The Utah County Sheriff volunteer Search and Rescue team ranks among the busiest in the world, with 80 to 100 calls in a typical year. 2008 was no exception with 98 total calls.
Utah County offers a wide variety of terrain and activities, and the types of rescue missions reflects this. Missions included vehicle, horse, kite surfing, sailing, rafting and motorboating accidents; stranded, lost and injured climbers, hikers, hunters, skiers, snowmobilers, boaters and bikers; weather-related emergencies; vehicles stuck in snowbanks, rivers, and over steep embankments; plane crashes, and more.
This number includes several calls which were canceled before many SAR members arrived on scene and were needed, but omits other involvement such as over 90 trainings by the team as a whole, new member trainings, and special teams who operate their own trainings to keep their skills sharp and ready.
Utah County Sheriff SAR is recognized throughout the intermountain rescue community as a highly-skilled and dedicated team.
If you would like to apply to become a member of our team, donate to support our efforts (your donations are tax deductible and they save lives!), or otherwise contribute, please use the Join, Donate or Contact links at the top right of this website. Thank you for your support!
Three agencies – Air Med, Spanish Fork Fire, and Search and Rescue – cooperated in the rescue of a 75 year old man who was injured while riding a snowmobile without a helmet in the Wan Rhodes area of Diamond Fork. The man apparently accidentally hit the throttle and ran into a tree.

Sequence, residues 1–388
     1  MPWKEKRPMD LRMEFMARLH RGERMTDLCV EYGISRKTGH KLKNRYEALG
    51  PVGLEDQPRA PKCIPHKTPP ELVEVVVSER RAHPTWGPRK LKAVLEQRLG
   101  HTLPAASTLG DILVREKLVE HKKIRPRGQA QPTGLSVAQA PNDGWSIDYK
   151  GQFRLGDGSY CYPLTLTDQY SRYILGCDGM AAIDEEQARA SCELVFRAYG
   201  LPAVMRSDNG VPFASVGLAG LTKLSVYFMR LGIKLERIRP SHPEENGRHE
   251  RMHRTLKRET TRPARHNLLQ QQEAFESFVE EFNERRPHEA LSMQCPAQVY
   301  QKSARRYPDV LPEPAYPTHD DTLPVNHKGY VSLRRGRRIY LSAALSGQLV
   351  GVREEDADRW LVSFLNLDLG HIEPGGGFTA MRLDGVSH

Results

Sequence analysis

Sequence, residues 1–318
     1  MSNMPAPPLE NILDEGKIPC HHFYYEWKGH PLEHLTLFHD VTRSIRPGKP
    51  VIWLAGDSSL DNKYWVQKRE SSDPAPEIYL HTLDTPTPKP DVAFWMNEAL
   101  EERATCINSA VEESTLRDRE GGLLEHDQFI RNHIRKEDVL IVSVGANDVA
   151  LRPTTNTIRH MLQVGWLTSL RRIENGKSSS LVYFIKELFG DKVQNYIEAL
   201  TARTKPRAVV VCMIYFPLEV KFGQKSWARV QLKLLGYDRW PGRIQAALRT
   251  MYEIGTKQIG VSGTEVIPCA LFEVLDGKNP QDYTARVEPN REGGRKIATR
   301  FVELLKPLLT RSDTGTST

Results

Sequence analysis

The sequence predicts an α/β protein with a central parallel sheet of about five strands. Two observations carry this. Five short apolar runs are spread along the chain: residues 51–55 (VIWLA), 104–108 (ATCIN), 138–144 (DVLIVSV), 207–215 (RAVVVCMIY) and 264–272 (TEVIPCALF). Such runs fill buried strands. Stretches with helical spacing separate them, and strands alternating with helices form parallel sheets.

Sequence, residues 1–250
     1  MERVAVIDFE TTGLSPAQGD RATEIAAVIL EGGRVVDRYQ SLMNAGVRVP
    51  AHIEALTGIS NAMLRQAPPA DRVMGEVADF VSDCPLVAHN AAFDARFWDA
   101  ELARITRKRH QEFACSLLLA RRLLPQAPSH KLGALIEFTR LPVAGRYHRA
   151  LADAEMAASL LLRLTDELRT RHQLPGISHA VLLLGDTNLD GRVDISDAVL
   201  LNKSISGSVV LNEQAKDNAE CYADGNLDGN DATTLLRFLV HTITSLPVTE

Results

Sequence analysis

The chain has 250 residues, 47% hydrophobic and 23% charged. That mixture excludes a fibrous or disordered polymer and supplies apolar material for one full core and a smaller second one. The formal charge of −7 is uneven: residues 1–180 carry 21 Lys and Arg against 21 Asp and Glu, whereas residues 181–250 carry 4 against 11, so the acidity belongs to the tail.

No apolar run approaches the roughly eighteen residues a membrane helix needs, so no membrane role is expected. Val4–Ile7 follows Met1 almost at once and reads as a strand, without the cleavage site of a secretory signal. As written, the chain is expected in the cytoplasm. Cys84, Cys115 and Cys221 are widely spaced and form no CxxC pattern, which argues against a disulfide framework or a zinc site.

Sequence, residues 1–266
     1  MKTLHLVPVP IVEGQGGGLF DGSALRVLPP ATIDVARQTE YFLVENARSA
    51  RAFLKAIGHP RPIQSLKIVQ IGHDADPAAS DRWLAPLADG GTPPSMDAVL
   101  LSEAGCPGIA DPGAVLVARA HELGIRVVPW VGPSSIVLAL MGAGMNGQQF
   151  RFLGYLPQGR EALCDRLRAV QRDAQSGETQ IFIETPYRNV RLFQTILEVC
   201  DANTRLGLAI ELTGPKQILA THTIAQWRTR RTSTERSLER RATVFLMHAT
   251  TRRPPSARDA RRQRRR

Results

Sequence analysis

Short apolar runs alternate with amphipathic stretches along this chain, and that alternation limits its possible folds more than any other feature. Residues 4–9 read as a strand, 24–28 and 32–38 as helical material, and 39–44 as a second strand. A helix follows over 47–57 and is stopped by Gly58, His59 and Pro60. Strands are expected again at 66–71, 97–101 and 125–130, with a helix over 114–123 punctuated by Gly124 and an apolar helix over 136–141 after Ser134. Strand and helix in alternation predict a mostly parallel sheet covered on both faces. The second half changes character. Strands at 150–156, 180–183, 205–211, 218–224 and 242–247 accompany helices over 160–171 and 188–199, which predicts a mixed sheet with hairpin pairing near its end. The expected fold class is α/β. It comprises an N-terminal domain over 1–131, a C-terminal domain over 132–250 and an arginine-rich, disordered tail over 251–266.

Rescuers rode snowmobiles eight miles to the scene of the accident, treated the man for injuries, and transported him to the helicopter which was able to land nearby.
A man and young girl were rescued after their snowmobile engine seized up in the Diamond Fork Three Corners area.
SAR units left from Hobble Creek Right Fork on snowmobiles, a helicopter spotted the pair’s fire and provided GPS coordinates for the snowmobiles. The pair was well prepared and ready to spend the night if necessary. The incapacitated sled was towed out and both passengers were transported to their cars.
An injured skier skied out of bounds from below Sundance’s Arrowhead lift and hiked all the way to Wildwood in Provo Canyon.
SAR units accompanied Sundance Ski Patrol to track the man, but stopped when their FLIR (forward looking infra red) cameras, which showed the heat within the man’s tracks through the snow, led them to a narrow canyon with dozens of avalanche starting zones and high avalanche danger following recent storms. The man was soon located on the road.